A While back I did a Logic Abecedarian here on logic pro expert. Twenty-six posts on Logic, each focusing on a topic relating to a letter of the alphabet. A few years have gone by, and many of the posts did not survive the transition to the revamped site format. Plus, Logic has come a long way in the ensuing years! It’s time for a fresh up to date set of Logic Pro X From A to Z posts. With a new team in place; it’s time for new subject matter and perspectives.
An obvious choice for the letter A might be automation. I did Alias in my original series. But I’d like to focus here on Alternatives. Specifically Project Alternatives. How many of us actually use project alternatives? Why do we like, or not like, them? I have to confess, like many old time Logic users, I have been slow to make the transition to project alternatives, versus the good old fashion “save as” routine we’ve used for years when needing to version a project in progress.
Admittedly project alternatives are neater. There are fewer files to manage in the Finder. Less chance of user error either moving or deleting the wrong project, or saving to the wrong location. But are the advantages worth the drawbacks?
A few skeptics have said that project alternatives solve a problem that didn’t exist. After all, Save As has worked fine for all these years. I think this is accurate for users who use the files and folders structure. But for projects saved as packages, they are necessary.
- Functionally they are the same as using the “save as” command, but with a little less clutter on the hard drive.
- Each project alternative has its own backup history (of course “Save As” versions also do)
- In the Finder, you can hit the Spacebar on a selected project file to see a list of the available alternatives. And you can directly open each one from there.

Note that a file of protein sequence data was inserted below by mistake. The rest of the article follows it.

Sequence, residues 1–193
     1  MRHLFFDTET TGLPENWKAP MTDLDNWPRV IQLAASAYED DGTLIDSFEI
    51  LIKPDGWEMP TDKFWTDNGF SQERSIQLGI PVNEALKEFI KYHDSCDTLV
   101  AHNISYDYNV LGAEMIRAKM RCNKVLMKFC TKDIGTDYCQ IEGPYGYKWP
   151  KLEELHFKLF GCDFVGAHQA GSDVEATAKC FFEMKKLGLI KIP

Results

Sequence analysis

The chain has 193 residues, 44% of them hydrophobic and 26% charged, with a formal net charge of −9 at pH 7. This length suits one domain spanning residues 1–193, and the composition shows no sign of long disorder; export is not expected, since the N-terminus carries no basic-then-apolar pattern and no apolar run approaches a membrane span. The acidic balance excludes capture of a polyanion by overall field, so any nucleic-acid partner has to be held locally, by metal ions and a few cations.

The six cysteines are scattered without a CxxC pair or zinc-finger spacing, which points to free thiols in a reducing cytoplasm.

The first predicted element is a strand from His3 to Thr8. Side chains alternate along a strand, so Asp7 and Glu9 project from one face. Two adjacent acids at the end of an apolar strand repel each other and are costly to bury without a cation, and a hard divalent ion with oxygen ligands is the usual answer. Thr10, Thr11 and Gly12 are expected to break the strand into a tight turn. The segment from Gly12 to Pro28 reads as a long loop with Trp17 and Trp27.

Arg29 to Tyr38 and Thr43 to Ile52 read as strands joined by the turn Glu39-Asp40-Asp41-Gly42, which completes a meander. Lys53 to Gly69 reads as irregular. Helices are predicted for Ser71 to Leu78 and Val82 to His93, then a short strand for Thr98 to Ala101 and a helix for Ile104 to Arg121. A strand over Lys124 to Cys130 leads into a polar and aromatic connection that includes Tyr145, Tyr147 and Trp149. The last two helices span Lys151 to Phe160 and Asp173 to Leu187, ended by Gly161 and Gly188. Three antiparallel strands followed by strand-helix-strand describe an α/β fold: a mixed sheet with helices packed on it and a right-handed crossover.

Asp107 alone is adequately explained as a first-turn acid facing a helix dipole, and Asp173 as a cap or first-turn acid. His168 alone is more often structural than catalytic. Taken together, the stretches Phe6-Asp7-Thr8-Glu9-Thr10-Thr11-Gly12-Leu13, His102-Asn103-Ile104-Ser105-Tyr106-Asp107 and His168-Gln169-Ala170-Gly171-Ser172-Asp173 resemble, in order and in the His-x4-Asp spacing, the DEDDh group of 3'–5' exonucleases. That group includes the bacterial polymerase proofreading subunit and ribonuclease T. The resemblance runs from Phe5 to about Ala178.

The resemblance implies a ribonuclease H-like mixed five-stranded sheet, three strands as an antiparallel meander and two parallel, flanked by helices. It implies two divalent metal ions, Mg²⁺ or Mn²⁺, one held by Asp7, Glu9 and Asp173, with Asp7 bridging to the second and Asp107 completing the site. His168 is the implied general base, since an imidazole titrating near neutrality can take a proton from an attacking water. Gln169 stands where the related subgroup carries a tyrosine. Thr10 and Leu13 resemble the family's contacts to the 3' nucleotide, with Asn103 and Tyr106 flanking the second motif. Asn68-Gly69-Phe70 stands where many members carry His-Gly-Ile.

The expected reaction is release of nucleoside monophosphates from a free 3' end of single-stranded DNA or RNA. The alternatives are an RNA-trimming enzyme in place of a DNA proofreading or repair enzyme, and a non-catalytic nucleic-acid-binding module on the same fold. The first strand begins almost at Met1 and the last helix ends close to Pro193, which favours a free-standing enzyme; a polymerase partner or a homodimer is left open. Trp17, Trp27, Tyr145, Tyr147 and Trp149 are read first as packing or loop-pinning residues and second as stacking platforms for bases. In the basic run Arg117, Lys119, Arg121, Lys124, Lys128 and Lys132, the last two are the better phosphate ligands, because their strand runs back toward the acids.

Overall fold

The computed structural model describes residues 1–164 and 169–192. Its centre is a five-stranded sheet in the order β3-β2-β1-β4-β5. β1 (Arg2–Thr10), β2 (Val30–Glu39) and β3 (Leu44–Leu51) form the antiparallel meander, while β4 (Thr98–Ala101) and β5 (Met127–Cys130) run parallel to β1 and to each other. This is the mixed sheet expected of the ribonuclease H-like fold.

An objective look at some of the pros and cons of project alternatives are in order at this point:
- You can select which alternative to import from in the import window.
- For users who prefer working with the “everything together” package file format rather than the files and folders directory structure, project alternatives are clearly necessary so that project related media is not duplicated each time a new version is created.
- Loading project alternatives are just like loading another project. There is no advantage in loading time. All samples, audio files, and instruments are reloaded, just like when launching a new project.
- Sometimes, as a project is evolving, you want to erase or pare down some of your existing audio files. Maybe there are unused takes you want to delete or ideas you tried and have decided to abandon. With project alternatives, this is not possible, as it will make loading previous alternatives problematic.
- You can’t send one project alternative on its own to a collaborator without messy file management without having to take the additional step of using the Export Alternative As Project function. Which results in more file management and versioning to keep track of.
- With Save As, you can see other versions of your project directly in the Finder without having to first select a project and hit the Spacebar to peek into the package contents.
- In the case of corruption or data loss, you may lose all versions of your project. With save as there are different physical files on your hard drive that you can revert to if necessary.
A useful tip, relevant to both project alternatives and “save as” versions, is that you can launch Logic while holding down the Control key in order to launch it with no audio engine. This allows you to quickly search through alternatives” or “save as” project files for versioned MIDI or audio data without the time consuming process of loading/unloading all of the plug-ins each time.
Adopting this relatively new file management feature has been easier for some than others. Many Logic users prefer to have everything together in Package based project management instead of the folder based workflow. Some of them are coming from Garageband, which only uses the package format. So being used to this from the beginning, it’s easy to see that they are more comfortable with it.
After all, is said and done, what do you prefer? I do occasionally use project alternatives. Specifically at the very beginning of the song creation process where I may be trying many ideas before zeroing in on the direction I want to take the project in. But once I am underway and charging ahead with a full head of steam, I prefer using “save as”.
Apart from the consolidation of files on the hard drive, I don’t see enough advantages to project alternatives. I don’t mind managing the files in the Finder myself. In fact, I prefer being able to directly and easily see and control exactly what is going where. But that’s me. What about you?
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